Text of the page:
Wood chips from low-value trees eligible for RECs in NC
The Appeal Court of North Carolina has unanimously turned down an appeal against a decision by the North Carolina Utilities Commission to allow the inclusion of wood chips derived from low-value whole trees in the state’s renewable energy definition.
In late 2010, power utility Duke Energy requested that cofiring wood chips derived from lower-value whole trees be eligible for renewable energy credits (REC) under the state’s renewable energy standard. The Environmental Defense Fund, Southern Environmental Law Center, and North Carolina Sustainable Energy Association then filed an appeal, claiming the decision allowed natural old-growth forests to be cut down, and that state renewable energy credits should be restricted to using waste wood as fuel.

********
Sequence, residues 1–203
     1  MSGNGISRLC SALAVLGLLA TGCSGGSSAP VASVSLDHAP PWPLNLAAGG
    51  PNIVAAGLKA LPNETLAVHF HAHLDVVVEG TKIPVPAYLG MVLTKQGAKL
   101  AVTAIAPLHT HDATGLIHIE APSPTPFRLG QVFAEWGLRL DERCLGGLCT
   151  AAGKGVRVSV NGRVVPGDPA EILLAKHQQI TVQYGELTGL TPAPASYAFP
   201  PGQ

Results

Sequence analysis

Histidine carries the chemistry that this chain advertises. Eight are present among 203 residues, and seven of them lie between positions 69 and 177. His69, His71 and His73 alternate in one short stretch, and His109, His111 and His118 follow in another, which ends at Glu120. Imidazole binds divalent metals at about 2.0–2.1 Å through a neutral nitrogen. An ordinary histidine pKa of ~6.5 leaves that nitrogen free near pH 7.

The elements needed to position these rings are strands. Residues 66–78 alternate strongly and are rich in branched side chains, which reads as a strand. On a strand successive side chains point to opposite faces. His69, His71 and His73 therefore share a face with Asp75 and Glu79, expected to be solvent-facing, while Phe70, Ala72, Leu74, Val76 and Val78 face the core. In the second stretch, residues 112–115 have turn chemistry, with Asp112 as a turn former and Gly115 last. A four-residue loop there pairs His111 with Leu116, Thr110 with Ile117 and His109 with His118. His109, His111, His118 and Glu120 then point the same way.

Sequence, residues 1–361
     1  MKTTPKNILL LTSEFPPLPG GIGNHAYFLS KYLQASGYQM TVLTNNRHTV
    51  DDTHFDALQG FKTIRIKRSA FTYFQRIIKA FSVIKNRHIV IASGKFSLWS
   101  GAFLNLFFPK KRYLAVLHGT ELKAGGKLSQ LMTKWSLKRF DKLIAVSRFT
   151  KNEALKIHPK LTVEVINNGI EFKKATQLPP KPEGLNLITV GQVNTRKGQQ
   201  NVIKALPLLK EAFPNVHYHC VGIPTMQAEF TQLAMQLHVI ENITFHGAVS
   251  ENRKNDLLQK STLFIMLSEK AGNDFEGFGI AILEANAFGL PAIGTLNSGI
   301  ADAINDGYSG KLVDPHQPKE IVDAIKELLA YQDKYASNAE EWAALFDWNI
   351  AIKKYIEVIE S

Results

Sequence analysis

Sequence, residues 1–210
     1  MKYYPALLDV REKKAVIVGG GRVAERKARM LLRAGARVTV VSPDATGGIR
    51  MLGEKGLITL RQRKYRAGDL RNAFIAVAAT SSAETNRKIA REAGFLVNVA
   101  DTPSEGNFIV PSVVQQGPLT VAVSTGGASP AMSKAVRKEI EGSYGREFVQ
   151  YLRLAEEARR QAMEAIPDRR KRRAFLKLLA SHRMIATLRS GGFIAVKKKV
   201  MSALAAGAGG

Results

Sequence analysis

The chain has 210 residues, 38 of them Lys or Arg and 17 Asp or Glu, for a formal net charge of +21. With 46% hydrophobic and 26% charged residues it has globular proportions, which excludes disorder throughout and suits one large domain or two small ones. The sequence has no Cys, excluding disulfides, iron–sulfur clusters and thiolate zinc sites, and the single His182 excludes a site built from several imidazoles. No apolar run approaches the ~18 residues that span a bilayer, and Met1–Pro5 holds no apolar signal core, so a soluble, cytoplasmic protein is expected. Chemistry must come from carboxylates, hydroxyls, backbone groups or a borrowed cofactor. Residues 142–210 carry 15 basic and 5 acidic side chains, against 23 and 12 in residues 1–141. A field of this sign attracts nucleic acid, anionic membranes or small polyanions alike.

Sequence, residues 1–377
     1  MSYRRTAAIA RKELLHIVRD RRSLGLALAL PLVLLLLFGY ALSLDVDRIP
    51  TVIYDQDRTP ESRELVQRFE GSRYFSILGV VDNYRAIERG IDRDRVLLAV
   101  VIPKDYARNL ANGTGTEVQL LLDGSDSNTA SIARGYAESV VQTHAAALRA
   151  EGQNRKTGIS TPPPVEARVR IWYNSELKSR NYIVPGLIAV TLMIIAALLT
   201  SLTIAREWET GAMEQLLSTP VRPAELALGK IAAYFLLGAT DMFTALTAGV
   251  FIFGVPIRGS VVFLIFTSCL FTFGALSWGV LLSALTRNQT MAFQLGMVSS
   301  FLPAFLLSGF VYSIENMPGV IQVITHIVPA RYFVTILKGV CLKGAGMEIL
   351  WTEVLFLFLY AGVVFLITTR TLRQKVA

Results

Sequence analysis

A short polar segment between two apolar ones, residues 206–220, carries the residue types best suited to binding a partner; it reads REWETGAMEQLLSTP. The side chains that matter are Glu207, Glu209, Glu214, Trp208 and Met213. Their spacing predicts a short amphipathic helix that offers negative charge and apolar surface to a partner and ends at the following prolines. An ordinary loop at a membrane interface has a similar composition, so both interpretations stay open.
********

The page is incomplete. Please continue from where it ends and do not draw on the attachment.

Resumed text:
Because of the appeal court’s unanimous denial of that appeal, the process is likely over, according to Megan Butler, Duke Energy’s manager of renewable strategy and compliance. “If there were any hold outs, I could see them filing another [appeal], but I would be surprised if they did,” she said.
The deadline for an appeal on the appeal court’s decision is Sept. 6 and if none are filed, the North Carolina Utilities Commission’s decision goes into effect, Butler said.
The decision has ruffled feathers in part because wood chips derived from low-value wood are often confused with whole tree wood chips. But forest management and thinning operations often leave unmerchantable whole trees and the promise of RECs for chipping and using those trees can create a market, and therefore an incentive for landowners to improve forest management.